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The content factor

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With an Internet penetration of 6.2 million in the UAE alone – a staggering 94 per cent of the population – the content marketer has become an overnight celebrity.

Even as luxury brands, worldwide, have led the way with an ornate portrayal of their history or elegant messaging to lure the sophisticated customer, the Arab world is still lacking in authentic, homemade campaigns.

A classic example of an international brand that worked up a storm with its content was Chanel – a brand that has tightly woven its values, words and culture, not just in a campaign or on a landing page alone, but across all of its customer channels.

Locally, luxury brands in the region have now, albeit slowly, noticed the need to do away with the traditional ‘call to action’ ads and move onto more customised and relevant forms of marketing to woo their audience in the Middle East.

“I believe the region is just beginning to understand the dynamics and importance of being content-driven and the various degrees of content marketing. The current winners are the international and local brands that have digital and content marketing embedded in their DNA.”

The challenge here, for the rest of the market, is to understand what content marketing means for their brand,” says Robert Meeder, founder and creative director, Rob&Co and one of the panelists on ‘Content Marketing’ at the arab luxury world conference to be held on June 1&2, 2015.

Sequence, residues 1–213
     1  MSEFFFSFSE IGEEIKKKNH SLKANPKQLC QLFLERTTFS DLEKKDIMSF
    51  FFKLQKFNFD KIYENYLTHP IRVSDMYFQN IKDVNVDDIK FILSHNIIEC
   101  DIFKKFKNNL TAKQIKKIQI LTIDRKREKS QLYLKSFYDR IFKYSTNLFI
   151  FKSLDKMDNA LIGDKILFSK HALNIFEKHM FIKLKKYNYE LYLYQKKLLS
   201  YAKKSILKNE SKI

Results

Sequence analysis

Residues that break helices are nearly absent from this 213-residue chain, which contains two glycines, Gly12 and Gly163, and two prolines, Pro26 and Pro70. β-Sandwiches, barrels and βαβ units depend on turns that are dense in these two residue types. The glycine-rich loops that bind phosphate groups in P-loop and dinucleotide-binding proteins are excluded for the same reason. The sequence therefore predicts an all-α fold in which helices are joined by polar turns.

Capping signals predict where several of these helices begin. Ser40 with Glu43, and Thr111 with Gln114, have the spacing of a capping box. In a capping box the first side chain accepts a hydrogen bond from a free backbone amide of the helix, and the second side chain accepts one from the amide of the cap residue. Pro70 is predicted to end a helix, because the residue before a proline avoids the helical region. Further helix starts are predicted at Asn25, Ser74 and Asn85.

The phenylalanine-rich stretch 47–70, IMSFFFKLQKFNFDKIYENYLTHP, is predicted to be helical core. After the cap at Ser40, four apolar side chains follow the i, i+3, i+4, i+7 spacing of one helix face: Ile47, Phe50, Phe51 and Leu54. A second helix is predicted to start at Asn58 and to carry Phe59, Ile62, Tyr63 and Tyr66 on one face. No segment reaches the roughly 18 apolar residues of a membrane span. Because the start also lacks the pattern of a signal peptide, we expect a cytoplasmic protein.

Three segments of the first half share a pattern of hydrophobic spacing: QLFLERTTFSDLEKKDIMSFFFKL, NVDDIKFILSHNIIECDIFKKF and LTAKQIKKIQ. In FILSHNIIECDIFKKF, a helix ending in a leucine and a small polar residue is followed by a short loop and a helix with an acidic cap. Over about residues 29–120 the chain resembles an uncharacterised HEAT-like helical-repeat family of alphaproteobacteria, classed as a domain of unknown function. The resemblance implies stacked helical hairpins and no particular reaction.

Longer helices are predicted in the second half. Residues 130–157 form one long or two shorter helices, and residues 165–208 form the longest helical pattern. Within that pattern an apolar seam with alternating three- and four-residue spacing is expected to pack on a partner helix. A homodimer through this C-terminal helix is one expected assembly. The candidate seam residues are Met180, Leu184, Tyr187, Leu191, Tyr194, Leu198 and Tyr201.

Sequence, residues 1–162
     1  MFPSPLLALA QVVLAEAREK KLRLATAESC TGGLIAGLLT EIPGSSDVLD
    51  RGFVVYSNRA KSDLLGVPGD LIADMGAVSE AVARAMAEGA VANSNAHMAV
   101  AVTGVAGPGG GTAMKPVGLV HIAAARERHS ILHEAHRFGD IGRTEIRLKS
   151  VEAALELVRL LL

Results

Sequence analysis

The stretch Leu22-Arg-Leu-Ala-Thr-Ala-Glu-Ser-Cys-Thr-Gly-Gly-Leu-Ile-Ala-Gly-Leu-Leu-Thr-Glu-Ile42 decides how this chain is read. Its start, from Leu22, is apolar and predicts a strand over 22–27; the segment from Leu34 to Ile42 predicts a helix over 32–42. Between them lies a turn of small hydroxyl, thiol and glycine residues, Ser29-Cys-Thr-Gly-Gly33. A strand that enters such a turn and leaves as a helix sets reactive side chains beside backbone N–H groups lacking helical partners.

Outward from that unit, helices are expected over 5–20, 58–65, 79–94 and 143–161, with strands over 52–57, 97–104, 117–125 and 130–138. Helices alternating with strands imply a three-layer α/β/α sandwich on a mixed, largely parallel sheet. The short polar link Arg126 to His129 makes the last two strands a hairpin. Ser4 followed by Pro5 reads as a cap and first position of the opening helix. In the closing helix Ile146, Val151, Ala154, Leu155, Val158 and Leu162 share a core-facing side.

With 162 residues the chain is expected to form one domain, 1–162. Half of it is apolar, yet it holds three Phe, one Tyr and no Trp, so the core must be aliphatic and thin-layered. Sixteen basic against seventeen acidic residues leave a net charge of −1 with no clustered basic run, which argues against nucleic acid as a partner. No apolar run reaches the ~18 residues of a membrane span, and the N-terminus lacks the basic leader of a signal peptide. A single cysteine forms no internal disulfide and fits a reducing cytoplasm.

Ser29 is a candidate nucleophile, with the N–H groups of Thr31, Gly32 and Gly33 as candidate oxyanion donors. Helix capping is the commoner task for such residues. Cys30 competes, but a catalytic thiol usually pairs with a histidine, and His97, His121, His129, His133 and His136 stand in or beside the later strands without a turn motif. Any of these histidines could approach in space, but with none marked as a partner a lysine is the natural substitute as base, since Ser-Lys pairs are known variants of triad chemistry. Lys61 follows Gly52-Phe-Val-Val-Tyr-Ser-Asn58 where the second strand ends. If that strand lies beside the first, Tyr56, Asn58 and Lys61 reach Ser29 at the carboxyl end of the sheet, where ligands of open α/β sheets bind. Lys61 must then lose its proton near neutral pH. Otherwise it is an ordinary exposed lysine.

That the region is warming up to the idea of a marketing strategy – with the idea of ‘communicating’ – is evident in the recent campaigns carried out by several brands in the Middle East.

“The past few years have seen wider adoption and development of content solutions by brands and media vendors. Social media has led the way for locally produced and targeted content and we have seen the roll-out of some bigger projects (the likes of L’Oréal, Jaguar and Land Rover),” says Andrew Coroneo, director of strategy, at Havas Media.

“Yet this quality of content is few and far between and certainly not a benchmark standard across the entire industry. It feels very much as [if] content is created for ‘content’s sake’, without thought into the long term (1+ years) role it plays in a brand’s communications mix,” he adds.

The primary reason for this would be that local brands are still trying to understand the significance and reach of a properly planned content-rich campaign.

Claire England, regional director, John Brown Media, outlines what needs to be understood before rolling out one.

“While many brands have been using publishing models for some time, these have all too often been vanity exercises without strong ROI objectives. Adopting a 360° content strategy that focuses on both the brand’s objectives and the market/customer demographics is the true science of content marketing. Add to this, the art of editorial intelligence within an omni-channel approach and, then, you can rate the true success of a content marketing strategy. Not enough brands are adopting this content philosophy and, if they are, few are measuring success,” she says.

What is essential, then, is for brands to not simply follow other campaigns on a ‘need-to-do’ basis, but understand which content mix works best for them as a brand and for the audience they intend to target.

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